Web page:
The boatyard has some 50 craft on site.
Pam and George have an impressive collection of tools.
The boatyard is nestled among mangroves at Tramcar Bay.
Wilson family descendent Jess Hunt still sails on the Hope.
The Tara Iti was brought home to be restored.
In the briny backwaters of Tramcar Bay on Leigh Road, the maritime history of Mahurangi is being preserved thanks to a boatyard held together by a community’s appreciation for traditional craft.
A short walk down an unmarked gravel driveway and along a narrow sandspit reveals a fleet of small craft afloat at the water’s edge.
Viewing the wooden sheds – workshop walls lined with traditional tools and network of sail boats under repair – is like taking a step back in time.
As I approach, a local man leaves carrying a short length of kauri and caulking tools he has borrowed to finish work on his timber boat a short distance down the road.
Boat builders and present custodians of the yard, Pam Cundy and George Emtage, are kept busy with the many project boats on site.
The kauri planked 37-foot (11-metre) Coulthard launch Tainui is currently housed in the main workshop.
“She recently had her newly-restored 5LW diesel motor craned through the boat shed’s roof and carefully lowered into place over her engine beds,” Pam says. “We have sistered new laminated white oak ribs throughout the hull as part of the refit.”
Pam and George are also working on a 26-foot (eight-metre) bilge keeler, named Tara Iti, which was built in 1966 and owned by Captain Ronald Matheson, of Mathesons Bay.
“The boat yard is very much about looking after local boats and Tara-Iti’s story is a good one,” Pam says.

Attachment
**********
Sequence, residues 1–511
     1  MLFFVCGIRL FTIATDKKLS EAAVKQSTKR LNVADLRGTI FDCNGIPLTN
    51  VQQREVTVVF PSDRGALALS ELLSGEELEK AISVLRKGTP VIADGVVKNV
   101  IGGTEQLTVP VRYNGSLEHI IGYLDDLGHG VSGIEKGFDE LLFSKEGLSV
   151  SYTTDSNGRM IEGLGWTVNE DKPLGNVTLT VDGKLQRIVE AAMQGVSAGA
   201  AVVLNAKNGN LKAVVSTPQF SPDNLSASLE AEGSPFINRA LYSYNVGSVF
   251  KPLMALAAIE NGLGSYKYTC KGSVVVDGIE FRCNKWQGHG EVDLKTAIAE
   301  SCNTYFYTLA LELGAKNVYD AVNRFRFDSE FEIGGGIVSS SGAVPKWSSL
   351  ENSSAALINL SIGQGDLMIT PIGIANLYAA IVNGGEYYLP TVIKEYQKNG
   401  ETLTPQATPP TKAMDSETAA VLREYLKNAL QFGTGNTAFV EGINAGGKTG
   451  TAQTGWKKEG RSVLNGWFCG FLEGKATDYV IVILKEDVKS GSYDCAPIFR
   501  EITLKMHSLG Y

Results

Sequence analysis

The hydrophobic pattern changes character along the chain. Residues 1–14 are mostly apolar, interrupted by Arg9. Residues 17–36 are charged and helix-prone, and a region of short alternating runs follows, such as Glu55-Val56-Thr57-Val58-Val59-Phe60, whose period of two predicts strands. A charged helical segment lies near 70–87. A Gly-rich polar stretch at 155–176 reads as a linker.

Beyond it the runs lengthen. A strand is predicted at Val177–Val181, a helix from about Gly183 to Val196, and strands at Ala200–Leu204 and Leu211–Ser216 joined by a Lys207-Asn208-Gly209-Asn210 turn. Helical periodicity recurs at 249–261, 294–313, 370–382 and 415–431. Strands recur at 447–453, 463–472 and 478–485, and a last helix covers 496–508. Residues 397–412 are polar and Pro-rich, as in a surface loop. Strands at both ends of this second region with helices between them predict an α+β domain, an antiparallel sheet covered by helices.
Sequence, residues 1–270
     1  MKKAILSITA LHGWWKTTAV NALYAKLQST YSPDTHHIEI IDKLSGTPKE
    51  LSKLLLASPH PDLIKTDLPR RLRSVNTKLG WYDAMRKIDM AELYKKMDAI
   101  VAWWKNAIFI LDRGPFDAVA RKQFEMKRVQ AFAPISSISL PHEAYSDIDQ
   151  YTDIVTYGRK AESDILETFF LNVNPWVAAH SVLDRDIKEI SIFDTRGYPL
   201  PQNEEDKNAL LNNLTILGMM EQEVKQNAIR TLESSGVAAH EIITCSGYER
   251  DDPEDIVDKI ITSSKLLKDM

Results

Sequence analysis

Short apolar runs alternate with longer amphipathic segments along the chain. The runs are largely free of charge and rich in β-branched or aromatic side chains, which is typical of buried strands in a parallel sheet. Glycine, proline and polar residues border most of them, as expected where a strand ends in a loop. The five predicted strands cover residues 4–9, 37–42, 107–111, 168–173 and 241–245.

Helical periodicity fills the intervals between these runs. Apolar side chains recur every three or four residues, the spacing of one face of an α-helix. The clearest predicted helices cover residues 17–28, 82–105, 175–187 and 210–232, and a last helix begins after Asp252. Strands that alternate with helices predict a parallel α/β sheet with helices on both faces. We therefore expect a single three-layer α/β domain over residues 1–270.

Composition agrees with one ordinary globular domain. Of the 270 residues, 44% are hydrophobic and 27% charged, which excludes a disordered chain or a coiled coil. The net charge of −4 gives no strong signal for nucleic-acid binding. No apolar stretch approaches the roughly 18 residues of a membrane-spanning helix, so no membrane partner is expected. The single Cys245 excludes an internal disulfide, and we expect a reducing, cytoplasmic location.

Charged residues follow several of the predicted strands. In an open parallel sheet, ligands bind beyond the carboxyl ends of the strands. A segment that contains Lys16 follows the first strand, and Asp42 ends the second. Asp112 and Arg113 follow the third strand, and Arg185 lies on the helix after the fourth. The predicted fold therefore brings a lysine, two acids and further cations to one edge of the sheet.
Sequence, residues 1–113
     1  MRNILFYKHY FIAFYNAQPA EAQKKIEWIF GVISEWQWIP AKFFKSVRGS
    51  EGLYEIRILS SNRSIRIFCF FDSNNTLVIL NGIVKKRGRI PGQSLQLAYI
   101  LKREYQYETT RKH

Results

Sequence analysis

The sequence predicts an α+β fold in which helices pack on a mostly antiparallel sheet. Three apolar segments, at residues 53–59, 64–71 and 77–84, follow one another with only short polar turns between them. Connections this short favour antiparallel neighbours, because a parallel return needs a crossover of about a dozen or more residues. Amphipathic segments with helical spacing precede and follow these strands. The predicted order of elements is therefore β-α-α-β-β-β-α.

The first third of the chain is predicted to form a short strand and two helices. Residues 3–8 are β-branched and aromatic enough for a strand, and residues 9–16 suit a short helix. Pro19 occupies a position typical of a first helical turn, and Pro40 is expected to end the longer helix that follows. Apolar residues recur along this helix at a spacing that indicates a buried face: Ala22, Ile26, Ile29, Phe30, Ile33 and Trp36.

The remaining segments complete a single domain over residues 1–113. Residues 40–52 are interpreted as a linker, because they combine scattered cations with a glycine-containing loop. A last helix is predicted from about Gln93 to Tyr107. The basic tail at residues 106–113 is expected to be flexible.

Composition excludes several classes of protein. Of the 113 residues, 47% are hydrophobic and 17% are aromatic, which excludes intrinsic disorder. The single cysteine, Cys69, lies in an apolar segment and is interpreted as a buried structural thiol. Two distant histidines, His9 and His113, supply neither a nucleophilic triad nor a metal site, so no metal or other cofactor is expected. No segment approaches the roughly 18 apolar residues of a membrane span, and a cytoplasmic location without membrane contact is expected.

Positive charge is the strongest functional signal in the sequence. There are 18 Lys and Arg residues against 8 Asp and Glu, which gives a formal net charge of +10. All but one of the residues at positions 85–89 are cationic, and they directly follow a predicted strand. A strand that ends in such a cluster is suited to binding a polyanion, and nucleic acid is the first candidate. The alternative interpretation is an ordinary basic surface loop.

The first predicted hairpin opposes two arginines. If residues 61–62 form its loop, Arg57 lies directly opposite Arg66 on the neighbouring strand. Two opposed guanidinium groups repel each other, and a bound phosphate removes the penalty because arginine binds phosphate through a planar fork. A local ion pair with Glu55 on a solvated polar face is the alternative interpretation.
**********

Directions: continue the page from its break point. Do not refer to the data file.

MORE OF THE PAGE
Captain Matheson started working on the mail run to Hautaru/Little Barrier when he was 15, eventually becoming a master mariner, skippering traders through the Pacific Islands.
The Tara Iti was his pride and joy but was sold from his estate when he passed away in 1976. Then, 40 years later, his grandson Peter Wrathall chanced upon it in a shed in Helensville.
A man had been restoring the Tara Iti but wasn’t able to finish the project, so Peter purchased it and returned her home to Whangateau to be completed.
Meanwhile, a shed with ti tree rafters, built at the yard some 100 years ago for the Wilsons of
Whangateau, still holds together, along with a small launch they owned named Hope.
Originally named Weka, the boat was built sometime around 1900 for the Morrison family of Mahurangi.
It was used to pull freight barges on the Mahurangi River to Warkworth where fruit cargo was loaded on to steam ships, such as the SS Kawau, and taken to Auckland markets.
The boat was bought by Herbert Wilson and passed on to his son Arthur, of Coxhead Creek, who used it to deliver mail to Great Barrier Island.
According to his descendent Braid Cochrane, it was renamed Hope because he “hoped to go fishing, hoped to catch fish and hoped to make it home again”.
The boat has remained in the Wilson family for around a century and, thanks to the preservation of the boatyard, their descendants are still able to take it for outings. Not only do Pam and George keep the forgotten skills and knowledge of traditional boatbuilding alive, they also document as much of the maritime history that passes through their yard as possible.
“For me, researching the history of a vessel is just as important as the physical repairs,” Pam says.
Pam has been working on a library with all the documents she collects about the boats of significance that arrive.
“In many ways, the yard is a last standing vestige of its type,” Pam says.
“Many boat builders have shifted to industrial estates and they hardly make use of the types of tools used here.”
What remains is a strong community of boat owners, maritime enthusiasts, sailors and fishermen who can share stories and sail boats out of Tramcar Bay.